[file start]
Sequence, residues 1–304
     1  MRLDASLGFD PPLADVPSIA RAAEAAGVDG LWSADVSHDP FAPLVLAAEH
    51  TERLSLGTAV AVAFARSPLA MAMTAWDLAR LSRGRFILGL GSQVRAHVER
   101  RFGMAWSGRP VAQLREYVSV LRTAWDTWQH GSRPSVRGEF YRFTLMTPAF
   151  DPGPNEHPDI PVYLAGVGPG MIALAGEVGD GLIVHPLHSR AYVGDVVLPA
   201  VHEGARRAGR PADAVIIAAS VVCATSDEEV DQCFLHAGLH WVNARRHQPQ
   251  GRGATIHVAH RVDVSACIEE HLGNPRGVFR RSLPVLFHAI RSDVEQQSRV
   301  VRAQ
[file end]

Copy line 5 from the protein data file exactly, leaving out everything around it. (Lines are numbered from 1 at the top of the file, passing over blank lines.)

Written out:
   151  DPGPNEHPDI PVYLAGVGPG MIALAGEVGD GLIVHPLHSR AYVGDVVLPA